Saturday, January 29, 2005

IN THE PRESENCE OF THE KING

In addition to pontificating on the humor and literary merits of Buffy the Vampire Slayer, I constantly find myself defending the works of Stephen King.

This is mind-boggling to me, as--in addition to the immense popularity of his books and the pervasiveness of his images and stories in contemporary culture--the genius is plainly there. You’ve probably seen them, and lost sleep over them, even if you didn’t know you were in the presence of the King. (The Shining and Dreamcatcher, alone, were responsible for many nights of insomnia. And don't get me started on Insomnia.)

Shawshank Redemption. Stand By Me. The Shining. Misery. Carrie. They are all icons of horror and suspense, and deal with both supernatural demons and inner demons. They are studies of character and relationship; villains are sometimes spectral, other times desperately human.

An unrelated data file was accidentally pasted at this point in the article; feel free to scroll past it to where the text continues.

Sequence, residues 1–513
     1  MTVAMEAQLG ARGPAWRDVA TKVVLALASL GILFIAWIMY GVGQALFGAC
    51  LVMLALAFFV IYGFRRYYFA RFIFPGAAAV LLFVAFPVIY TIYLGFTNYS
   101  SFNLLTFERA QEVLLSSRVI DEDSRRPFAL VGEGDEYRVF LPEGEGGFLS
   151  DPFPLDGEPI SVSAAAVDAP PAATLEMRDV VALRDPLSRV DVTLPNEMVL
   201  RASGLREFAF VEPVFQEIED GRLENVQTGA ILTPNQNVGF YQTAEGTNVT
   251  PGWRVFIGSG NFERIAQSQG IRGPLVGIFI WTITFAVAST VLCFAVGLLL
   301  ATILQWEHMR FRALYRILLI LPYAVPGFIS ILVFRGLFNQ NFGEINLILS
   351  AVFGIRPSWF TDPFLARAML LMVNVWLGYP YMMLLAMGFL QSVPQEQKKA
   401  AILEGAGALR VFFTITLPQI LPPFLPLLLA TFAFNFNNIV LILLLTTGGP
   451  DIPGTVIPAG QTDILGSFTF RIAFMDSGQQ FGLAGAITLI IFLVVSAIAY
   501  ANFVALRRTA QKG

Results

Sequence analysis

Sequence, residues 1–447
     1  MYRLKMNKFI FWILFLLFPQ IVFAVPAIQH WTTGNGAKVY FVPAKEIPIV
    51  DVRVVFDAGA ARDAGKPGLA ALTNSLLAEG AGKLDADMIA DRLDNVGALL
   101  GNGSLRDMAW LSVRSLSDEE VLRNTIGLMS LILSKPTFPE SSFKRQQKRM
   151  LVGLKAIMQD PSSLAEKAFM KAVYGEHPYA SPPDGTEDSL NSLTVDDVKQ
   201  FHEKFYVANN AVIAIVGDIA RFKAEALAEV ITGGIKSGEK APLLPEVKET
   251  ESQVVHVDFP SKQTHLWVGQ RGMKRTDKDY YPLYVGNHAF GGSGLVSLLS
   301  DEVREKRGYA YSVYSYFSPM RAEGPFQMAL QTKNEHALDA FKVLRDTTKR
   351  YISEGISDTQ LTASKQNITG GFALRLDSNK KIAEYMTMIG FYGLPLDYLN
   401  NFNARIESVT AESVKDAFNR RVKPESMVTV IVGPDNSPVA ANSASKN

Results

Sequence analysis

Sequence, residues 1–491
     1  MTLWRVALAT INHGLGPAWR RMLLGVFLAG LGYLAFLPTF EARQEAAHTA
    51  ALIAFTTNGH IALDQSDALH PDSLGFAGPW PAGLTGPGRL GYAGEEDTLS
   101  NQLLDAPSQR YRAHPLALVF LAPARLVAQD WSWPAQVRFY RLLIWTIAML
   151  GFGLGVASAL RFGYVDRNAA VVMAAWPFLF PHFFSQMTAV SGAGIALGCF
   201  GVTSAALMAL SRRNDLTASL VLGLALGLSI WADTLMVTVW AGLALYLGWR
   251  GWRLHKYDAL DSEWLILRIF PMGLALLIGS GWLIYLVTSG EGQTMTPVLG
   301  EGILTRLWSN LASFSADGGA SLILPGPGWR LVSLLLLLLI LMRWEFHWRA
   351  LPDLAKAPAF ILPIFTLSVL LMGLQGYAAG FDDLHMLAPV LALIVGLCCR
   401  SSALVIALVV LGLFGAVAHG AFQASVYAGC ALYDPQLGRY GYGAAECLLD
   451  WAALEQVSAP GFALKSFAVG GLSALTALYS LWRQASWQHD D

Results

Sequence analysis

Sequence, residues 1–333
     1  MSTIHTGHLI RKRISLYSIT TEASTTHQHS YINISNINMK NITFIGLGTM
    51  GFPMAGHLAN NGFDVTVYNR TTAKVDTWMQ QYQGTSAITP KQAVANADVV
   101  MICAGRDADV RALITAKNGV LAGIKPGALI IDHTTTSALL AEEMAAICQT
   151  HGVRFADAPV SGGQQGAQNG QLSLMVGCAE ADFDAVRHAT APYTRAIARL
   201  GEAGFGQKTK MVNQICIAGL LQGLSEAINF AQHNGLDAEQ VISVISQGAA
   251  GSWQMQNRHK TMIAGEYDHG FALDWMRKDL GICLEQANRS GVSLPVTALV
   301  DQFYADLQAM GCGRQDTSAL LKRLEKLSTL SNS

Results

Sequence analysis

In TV's serialization tension is defrayed and the fear factor lessened, but the King continues to rule: from the well-reviewed but doomed Kingdom Hospital to TV movies of Salem’s Lot, Storm of the Century, The Stand, The Tommyknockers, Needful Things, Riding the Bullet, TV has brought King to the basic cable subscribers. Where would TNT and USA be without Stephen King?